210. Editorial Note

President Nixon met with the President’s Foreign Intelligence Advisory Board (PFIAB) on May 5, in advance of his trip to Moscow, where he was expected to sign accords with Soviet premier Leonid Brezhnev limiting strategic arms. The meeting was held in the Cabinet Room of the White House and was attended by Nixon, PFIAB members Admiral George W. Anderson, Jr., Dr. William O. Baker, Gordon Gray, Franklin B. Lincoln, Jr., Dr. Franklin D. Murphy, Frank Pace, Jr., Nelson A. Rockefeller, Dr. Edward Teller, and Gerard P. Burke, and Thomas Latimer of the National Security Council Staff. (National Archives, Nixon Presidential materials, White House Central Files, President’s Daily Diary)

Following introductory remarks by Nixon, Anderson stated, “The members hoped to be able to discuss certain matters that might be helpful to the President in preparing for his forthcoming trip to Moscow. The Board has followed closely the developments in Soviet weaponry as a result of the President’s specific charge upon it three years ago to monitor and assess the Soviet capabilities in this field. [Anderson] said that the members were impressed with the continuing, across-the-board growth of Soviet forces in intercontinental ballistic missiles, in submarine-launched ballistic missiles (SLBMs), in various defensive weapons, and, most recently, in the emphasis that the Soviets are placing on improving their command and control system. This emphasis is illustrated by their efforts in hardening command and control facilities, in creating redundant communications, and in conducting live exercises of the system which involve direct participation by the top leaders of the Soviet Union.”

Other PFIAB members discussed the quality of United States intelligence on Soviet capabilities, including overhead reconnaissance, signals intelligence, human clandestine intelligence, and economic intelligence. Teller then “briefed the President on certain calculations he had made regarding comparative US-USSR nuclear capabilities in the 1975 timeframe. These projections raise the question as to whether, by 1975 and certainly no later than 1980, the U.S. will have the numbers and kinds of weapons sufficient to prevent nuclear blackmail by the Soviet Union. Dr. Teller said that there are certain measures which, in his view, can be adopted to preclude economically this eventuality in the short term. The U.S. should, first of all, renounce its intentions to conduct a ‘first strike,’ while at the same time we should assure the Soviets of the inevitability of our nuclear retaliation. We should abandon the counterforce doctrine that characterizes our present Single Integrated Operations Plan planning, in favor of a strategy centering on destruction of Russian cities. As interim steps, we can redeploy our [Page 944]SLBM force to make it safer and we can disperse our nuclear weapons in Europe differently so that they will be less vulnerable. Dr. Teller also believes that the U.S. should begin to engage in a more open dialogue with our North Atlantic Treaty Organization allies in regard to limited nuclear warfare in their territory and that the American people should be informed of the dangers of the growing Soviet strategic threat and advised to plan for civil defense against the threat.”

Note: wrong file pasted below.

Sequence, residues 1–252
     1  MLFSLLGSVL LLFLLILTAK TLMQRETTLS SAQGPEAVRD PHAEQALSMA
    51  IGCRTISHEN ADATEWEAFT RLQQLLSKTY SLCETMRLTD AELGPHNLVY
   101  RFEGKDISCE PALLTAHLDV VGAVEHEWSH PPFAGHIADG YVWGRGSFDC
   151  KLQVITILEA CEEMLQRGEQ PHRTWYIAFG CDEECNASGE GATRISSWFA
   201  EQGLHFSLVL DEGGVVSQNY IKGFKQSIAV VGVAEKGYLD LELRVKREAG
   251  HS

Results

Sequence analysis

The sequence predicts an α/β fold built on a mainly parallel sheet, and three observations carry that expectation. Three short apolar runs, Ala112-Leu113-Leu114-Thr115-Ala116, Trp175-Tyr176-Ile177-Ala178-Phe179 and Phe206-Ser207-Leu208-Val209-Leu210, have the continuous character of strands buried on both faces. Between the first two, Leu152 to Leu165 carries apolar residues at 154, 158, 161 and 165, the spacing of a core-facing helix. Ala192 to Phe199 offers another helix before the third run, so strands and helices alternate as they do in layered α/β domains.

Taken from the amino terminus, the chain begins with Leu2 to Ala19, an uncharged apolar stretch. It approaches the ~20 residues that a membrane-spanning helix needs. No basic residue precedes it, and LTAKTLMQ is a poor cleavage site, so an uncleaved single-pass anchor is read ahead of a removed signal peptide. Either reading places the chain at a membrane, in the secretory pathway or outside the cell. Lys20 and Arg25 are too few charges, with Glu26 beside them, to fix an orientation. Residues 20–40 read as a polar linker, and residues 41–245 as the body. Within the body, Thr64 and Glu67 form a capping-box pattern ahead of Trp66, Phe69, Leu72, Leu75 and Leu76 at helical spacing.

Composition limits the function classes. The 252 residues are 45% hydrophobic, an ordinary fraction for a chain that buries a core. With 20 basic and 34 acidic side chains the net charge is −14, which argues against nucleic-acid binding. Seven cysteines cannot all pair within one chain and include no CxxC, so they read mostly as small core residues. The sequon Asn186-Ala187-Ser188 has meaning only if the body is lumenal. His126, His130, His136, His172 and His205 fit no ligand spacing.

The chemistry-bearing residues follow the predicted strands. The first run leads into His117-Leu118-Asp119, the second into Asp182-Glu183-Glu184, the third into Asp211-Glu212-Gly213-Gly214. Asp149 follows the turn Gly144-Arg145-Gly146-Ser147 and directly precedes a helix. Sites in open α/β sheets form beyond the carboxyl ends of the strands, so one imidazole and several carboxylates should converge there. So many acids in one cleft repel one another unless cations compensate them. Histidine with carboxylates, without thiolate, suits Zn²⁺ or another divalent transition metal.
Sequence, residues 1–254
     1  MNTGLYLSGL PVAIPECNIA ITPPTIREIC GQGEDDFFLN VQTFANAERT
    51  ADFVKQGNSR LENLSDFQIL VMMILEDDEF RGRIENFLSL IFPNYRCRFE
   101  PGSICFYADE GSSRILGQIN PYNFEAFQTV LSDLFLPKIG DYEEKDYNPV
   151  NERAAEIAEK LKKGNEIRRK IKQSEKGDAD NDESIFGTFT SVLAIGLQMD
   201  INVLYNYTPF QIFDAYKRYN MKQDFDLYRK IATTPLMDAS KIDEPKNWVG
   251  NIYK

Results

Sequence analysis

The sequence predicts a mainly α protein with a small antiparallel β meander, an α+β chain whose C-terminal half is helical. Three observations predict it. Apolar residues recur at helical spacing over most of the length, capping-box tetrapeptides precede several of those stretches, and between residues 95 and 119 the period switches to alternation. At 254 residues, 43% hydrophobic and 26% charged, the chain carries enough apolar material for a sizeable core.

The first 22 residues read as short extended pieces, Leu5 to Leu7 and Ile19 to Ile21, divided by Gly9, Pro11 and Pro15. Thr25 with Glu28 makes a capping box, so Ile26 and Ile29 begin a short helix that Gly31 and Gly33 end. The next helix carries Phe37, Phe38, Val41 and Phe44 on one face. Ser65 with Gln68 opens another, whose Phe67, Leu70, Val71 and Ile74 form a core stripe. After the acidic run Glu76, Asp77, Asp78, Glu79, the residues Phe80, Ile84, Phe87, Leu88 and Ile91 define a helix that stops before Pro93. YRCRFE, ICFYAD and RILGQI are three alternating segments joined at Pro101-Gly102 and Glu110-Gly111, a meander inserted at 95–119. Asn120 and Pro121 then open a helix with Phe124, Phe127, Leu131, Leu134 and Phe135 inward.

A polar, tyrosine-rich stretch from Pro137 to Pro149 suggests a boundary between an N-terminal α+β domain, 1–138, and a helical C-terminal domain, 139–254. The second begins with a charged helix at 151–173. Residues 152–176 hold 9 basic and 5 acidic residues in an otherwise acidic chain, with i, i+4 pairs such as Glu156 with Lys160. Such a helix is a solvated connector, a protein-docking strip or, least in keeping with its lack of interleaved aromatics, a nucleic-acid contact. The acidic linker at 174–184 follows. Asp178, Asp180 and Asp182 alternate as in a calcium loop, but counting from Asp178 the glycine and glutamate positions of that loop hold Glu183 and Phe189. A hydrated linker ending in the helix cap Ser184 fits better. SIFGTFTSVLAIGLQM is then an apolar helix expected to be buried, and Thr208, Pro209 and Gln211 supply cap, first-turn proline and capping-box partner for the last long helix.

President Nixon concluded the meeting by commenting upon the need for American leaders “to maintain their moral strength and courage in the face of the corrosive attitudes which seem to be pervading many segments of our culture.” He “noted that the real strength of America inevitably resides in the average citizen; whether this strength, in turn, becomes greater or lesser is dependent to a critical degree on the ability and willingness of leaders of our society in discharging the moral obligations which have been placed upon their shoulders. The President expressed the hope that the members of the Board, who have such a unique vantage point from which to view the external threats of the United States, will seek in their daily contacts to remind American leaders in all walks of life of the enormous responsibilities they carry, especially in impressing youth on the need to preserve the nation’s strength and moral fiber.” (Memorandum for the President’s File; ibid., White House Special Files, President’s Office Files, Box 88, Memoranda for the President, Beginning April 30, 1972)